Sponsor and status
93rd Congress (1973–1974)
This resolution was introduced on May 28, 1974, in a previous session of Congress, but it did not receive a vote.
Representative for New York's 14th congressional district
May 28, 1974
Bills and resolutions are referred to committees which debate the bill before possibly sending it on to the whole chamber.
H.Res. 1149 (93rd) was a simple resolution in the United States Congress.
A simple resolution is used for matters that affect just one chamber of Congress, often to change the rules of the chamber to set the manner of debate for a related bill. It must be agreed to in the chamber in which it was introduced. It is not voted on in the other chamber and does not have the force of law.
Resolutions numbers restart every two years. That means there are other resolutions with the number H.Res. 1149. This is the one from the 93rd Congress.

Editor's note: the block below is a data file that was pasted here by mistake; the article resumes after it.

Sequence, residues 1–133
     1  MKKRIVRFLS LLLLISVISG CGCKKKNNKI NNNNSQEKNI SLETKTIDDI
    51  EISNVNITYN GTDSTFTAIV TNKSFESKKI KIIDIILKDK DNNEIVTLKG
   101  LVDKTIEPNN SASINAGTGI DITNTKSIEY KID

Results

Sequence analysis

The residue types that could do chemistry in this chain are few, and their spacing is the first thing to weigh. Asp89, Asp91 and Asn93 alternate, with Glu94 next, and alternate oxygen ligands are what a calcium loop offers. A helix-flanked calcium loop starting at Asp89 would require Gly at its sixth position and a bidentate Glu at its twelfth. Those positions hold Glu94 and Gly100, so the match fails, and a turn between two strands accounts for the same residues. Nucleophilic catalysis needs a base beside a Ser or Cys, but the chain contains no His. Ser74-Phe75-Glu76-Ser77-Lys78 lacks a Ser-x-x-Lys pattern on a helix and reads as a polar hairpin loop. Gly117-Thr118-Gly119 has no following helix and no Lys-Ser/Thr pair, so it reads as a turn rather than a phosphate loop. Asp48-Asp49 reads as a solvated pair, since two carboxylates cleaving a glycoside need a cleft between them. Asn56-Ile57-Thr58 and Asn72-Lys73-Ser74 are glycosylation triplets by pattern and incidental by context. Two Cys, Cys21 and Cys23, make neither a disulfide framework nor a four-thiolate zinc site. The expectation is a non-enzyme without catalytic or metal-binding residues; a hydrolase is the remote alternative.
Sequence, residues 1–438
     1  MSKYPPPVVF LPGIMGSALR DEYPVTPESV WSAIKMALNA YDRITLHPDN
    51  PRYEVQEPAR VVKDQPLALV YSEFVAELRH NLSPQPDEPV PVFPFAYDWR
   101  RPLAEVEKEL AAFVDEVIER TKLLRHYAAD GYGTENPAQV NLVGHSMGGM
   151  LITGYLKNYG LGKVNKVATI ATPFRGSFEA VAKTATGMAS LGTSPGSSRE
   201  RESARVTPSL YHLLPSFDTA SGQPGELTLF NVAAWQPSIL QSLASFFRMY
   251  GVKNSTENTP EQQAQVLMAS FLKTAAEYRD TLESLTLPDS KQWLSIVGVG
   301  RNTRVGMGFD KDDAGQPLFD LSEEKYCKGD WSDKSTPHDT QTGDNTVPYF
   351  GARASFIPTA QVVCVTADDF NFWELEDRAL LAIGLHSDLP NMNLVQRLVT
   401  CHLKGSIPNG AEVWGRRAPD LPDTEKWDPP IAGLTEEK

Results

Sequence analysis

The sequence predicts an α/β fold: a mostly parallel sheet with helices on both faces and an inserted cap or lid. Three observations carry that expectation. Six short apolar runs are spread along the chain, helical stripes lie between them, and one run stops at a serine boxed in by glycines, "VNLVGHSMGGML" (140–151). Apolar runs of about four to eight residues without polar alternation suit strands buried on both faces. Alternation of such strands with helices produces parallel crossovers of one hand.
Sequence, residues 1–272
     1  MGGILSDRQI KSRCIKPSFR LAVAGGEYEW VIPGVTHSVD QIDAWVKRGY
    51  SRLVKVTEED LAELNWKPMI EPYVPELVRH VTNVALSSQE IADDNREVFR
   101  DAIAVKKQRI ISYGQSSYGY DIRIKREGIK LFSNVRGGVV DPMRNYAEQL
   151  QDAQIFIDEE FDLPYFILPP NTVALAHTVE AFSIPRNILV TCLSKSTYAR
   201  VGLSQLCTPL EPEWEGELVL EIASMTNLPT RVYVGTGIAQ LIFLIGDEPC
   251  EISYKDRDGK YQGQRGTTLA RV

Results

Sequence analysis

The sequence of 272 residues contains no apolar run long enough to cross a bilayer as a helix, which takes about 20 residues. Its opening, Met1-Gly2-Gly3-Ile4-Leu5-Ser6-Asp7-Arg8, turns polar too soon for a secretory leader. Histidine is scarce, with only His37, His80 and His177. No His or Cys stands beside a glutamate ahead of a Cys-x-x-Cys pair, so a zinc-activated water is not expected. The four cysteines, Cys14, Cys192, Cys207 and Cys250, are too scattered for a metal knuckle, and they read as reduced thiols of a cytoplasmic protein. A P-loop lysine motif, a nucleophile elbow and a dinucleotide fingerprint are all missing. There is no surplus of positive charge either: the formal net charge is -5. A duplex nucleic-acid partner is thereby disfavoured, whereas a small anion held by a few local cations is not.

This simple resolution was introduced in the 93rd Congress, which met from Jan 3, 1973 to Dec 20, 1974. Legislation not enacted by the end of a Congress is cleared from the books.
How to cite this information.
We recommend the following MLA-formatted citation when using the information you see here in academic work:
GovTrack.us. (2020). H.Res. 1149 — 93rd Congress: Resolution to condemn terrorist killings of schoolchildren in Israel. Retrieved from https://www.govtrack.us/congress/bills/93/hres1149
“H.Res. 1149 — 93rd Congress: Resolution to condemn terrorist killings of schoolchildren in Israel.” www.GovTrack.us. 1974. July 14, 2020 <https://www.govtrack.us/congress/bills/93/hres1149>
Resolution to condemn terrorist killings of schoolchildren in Israel, H.R. Res. 1149, 93rd Cong. (1974).
|title=H.Res. 1149 (93rd)
|accessdate=July 14, 2020
|author=93rd Congress (1974)
|date=May 28, 1974
|quote=Resolution to condemn terrorist killings of schoolchildren in Israel.
Where is this information from?
GovTrack automatically collects legislative information from a variety of governmental and non-governmental sources. This page is sourced primarily from Congress.gov, the official portal of the United States Congress. Congress.gov is generally updated one day after events occur, and so legislative activity shown here may be one day behind. Data via the congress project.